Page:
Michigan’s GOP convention: How it works

Donald Trump Ted Cruz John Kasich
Republican presidential candidates Donald Trump, Sen. Ted Cruz and Gov. John Kasich on March 10, 2016. (AP Photo/Wilfredo Lee)

GRAND RAPIDS, Mich. (WOOD) — This weekend, the Michigan Republican Party will choose which candidates its delegates will support.

“My parents and a lot of other people in town have said we already voted what’s going on,” said John Inhulsen, chairman of the Kent County GOP.

It looks more and more likely the Republican Party will have a contested convention this summer with none of the candidates securing the number of delegates needed to become the party’s nominee. And that’s why so much attention is being paid to the state conventions because that’s when delegates will pledge their votes.

Michigan voted in the Republican presidential primary on March 8.

“Based on the performance on the primary vote here in Michigan, 17 at-large statewide delegates were provided,” Inhulsen said. Those are a portion pursuant to how a candidate preformed.”

Trump won Michigan with 37 percent of the vote followed by Texas Sen. Ted Cruz with 25 percent and Ohio Gov. John Kasich was close behind with 24 percent of the vote.

As a result, Trump ended up with 11 of the 17 at-large delegates while Cruz and Kasich both got three.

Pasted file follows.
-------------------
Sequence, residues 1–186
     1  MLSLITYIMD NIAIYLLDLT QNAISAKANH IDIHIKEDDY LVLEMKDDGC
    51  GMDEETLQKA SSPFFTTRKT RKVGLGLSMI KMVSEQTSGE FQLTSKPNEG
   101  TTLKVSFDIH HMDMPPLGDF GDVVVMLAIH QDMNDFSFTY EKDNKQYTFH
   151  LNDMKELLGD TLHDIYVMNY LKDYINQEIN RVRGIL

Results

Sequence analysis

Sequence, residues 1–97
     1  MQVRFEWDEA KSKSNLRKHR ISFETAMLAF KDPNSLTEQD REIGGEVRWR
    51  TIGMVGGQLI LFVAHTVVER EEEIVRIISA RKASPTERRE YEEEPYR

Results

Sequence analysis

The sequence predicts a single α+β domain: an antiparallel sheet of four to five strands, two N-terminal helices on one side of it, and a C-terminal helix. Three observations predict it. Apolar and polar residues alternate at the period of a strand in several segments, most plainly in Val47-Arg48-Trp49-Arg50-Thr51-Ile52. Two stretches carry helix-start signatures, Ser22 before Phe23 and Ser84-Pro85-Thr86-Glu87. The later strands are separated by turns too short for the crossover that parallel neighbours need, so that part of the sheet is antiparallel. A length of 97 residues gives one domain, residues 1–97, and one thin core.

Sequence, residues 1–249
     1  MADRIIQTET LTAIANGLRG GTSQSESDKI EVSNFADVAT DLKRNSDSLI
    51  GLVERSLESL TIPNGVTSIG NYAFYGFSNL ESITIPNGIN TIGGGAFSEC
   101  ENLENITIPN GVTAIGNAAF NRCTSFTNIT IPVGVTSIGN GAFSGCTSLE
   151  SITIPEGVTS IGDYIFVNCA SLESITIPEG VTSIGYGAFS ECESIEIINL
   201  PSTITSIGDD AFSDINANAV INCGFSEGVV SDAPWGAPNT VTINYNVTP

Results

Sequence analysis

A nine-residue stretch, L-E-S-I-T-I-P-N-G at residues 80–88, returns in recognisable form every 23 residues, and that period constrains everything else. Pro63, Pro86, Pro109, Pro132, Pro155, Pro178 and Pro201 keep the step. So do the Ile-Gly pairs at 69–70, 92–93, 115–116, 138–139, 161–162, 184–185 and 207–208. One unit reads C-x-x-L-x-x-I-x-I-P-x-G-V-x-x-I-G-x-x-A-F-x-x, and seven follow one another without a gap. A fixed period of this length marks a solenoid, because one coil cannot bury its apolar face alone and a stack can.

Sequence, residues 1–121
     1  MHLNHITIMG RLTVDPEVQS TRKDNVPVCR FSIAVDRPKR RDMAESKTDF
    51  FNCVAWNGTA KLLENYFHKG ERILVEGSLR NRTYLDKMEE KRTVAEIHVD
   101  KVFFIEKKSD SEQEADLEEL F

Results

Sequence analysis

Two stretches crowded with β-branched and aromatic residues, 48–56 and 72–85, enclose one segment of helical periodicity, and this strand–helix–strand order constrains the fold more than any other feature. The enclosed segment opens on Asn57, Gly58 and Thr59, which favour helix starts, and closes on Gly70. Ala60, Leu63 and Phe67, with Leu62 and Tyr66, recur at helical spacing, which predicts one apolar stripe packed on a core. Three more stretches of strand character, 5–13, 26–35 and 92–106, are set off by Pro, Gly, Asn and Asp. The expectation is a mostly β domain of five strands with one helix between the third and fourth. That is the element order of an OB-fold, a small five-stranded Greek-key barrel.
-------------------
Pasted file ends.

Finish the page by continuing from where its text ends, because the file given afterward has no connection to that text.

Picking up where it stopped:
The remaining 42 of Michigan’s delegates will be divided up this weekend at the state convention.

Michigan has 14 congressional districts and each congressional district has three delegates to allocate proportionally based on each candidate’s performance in the district.

In Michigan’s primary, each of the candidates performed relatively the same in each district. As a result, each will get one delegate per congressional district, or 14 each.

That would leave Trump with a total of 25 delegates and Cruz and Kasich with 17 each.

“We want this to be as fair, as transparent and as accurate of a reflection — not just the vote — but what the presidential campaigns want,” Inhulsen said. “There has been turmoil in other states, however, Politico just did an article this week on how good the process has been here in Michigan.”

In other states like Louisiana — some because of state party convention rules — Trump, who won the state’s primary, is estimated to walk away with fewer delegates than Cruz after the convention there.

Inhulsen said he does not foresee anything like that happening in Michigan’s convention.

“I don’t’ expect any major surprises this weekend and I would be surprised if there were,” he said.

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